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Math Help - [SOLVED] Domain

  1. #1
    Riley123
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    [SOLVED] Domain

    What is the domain of these problems??

    R(x) = 5x squared over 10-x


    Q(x) = -x(8-x) over 3xsquared + 7x+2


    H(x) = x-7 over 2x to the 4th +7
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  2. #2
    Grand Panjandrum
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    Quote Originally Posted by Riley123
    What is the domain of these problems??

    R(x) = 5x squared over 10-x


    Q(x) = -x(8-x) over 3xsquared + 7x+2


    H(x) = x-7 over 2x to the 4th +7
    These would be clearer if (remaining with ASCII) you write them:

    R(x) = 5 x^2/(10-x)

    Q(x) = -x (8-x)/(3 x^2 + 7 x + 2)

    H(x) = (x-7)/(2 x^4 + 7)

    where I have to make several guesses at what you actual mean (note
    here ^ denotes raising to a power, so x^2 is x squared).

    Better yet would be:
    R(x)\ =\ \frac{5\ x^2}{(10-x)}

    Q(x)\ =\ \frac{-x\ (8-x)}{(3x^2\ +\ 7x\ +\ 2)}

    H(x)\ =\ \frac{(x-7)}{(2x^4\ +7)}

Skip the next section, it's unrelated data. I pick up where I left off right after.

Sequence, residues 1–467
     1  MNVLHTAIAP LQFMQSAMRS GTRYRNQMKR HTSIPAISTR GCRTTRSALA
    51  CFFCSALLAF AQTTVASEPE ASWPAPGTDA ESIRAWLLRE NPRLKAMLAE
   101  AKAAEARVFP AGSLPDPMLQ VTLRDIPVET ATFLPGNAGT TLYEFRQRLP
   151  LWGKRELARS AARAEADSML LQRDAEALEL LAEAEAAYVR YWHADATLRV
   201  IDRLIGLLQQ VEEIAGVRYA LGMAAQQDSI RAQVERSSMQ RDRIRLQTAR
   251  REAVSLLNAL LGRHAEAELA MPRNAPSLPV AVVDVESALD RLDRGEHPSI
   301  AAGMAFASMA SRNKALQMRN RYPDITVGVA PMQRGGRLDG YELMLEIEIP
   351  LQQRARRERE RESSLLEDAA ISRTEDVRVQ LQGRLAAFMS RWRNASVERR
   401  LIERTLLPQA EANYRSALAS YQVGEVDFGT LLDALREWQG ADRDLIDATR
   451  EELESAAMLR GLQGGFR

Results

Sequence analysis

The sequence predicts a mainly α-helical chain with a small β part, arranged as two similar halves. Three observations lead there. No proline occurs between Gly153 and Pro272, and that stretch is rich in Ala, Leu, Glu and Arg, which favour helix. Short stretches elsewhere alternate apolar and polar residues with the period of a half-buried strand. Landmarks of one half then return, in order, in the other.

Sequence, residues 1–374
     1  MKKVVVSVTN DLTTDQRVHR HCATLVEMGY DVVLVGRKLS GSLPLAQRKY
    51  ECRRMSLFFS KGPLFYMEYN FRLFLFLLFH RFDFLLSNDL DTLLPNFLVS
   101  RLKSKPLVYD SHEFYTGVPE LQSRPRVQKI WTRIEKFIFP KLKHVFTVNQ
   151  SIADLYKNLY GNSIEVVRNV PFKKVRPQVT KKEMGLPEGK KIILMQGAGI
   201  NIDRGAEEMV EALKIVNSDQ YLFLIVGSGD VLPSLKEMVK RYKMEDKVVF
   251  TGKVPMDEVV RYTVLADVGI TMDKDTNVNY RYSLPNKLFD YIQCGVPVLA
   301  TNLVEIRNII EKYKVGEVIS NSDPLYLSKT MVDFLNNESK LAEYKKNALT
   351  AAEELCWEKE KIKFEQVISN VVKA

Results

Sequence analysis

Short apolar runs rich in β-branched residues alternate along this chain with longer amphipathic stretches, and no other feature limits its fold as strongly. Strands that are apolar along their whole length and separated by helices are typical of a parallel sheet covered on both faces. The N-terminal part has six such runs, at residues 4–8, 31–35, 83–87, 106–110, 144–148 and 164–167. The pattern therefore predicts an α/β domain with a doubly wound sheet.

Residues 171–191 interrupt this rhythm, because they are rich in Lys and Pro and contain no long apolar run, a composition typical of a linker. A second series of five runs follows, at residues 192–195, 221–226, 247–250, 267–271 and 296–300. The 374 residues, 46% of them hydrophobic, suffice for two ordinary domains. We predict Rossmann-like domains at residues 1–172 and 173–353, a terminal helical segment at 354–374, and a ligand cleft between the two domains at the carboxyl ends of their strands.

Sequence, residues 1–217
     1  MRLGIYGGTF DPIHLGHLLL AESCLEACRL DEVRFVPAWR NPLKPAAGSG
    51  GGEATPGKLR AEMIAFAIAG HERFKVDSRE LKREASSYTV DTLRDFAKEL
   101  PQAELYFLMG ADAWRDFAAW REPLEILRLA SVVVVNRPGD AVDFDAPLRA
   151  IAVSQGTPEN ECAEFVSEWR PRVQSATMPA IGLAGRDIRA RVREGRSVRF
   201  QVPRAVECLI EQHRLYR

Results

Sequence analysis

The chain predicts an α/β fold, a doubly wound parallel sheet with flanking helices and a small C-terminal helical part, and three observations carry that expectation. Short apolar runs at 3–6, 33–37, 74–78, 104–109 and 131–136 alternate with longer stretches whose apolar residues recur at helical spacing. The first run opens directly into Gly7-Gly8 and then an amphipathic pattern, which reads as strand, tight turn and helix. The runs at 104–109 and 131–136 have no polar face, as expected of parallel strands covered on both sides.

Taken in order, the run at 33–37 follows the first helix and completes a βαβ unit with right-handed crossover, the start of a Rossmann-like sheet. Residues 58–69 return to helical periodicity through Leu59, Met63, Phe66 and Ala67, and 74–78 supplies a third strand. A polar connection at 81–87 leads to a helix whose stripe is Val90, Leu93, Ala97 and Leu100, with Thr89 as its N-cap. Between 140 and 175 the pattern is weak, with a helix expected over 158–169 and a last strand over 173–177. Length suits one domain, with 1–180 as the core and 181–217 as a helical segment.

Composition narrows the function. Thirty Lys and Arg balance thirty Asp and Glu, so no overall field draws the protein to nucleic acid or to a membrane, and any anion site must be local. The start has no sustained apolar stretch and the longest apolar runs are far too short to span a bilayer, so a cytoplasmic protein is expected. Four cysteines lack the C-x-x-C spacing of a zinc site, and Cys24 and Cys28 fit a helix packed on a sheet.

The domain of a function is the set on which the function is defined.
    From the look of this problem it looks as through we are actually being
    asked for the set of real numbers on which the functions are defined.
    Though what follows would be equally applicable if we were working
    with the complex numbers.

    In all of these function definitions both the numerators and
    denominators can be evaluated for all real numbers x, but
    the functions are undefined when the denominators are zero.

    In the first case the denominator is (10-x) which is zero when
    x is equal to 10, so the domain of R is the set of all real number
    except 10.

    The rest are similar, in each case the domain is the set of all
    of the reals except the points at which the denominator are
    zero (it at all).

    RonL
    Last edited by CaptainBlack; November 15th 2005 at 10:15 AM.
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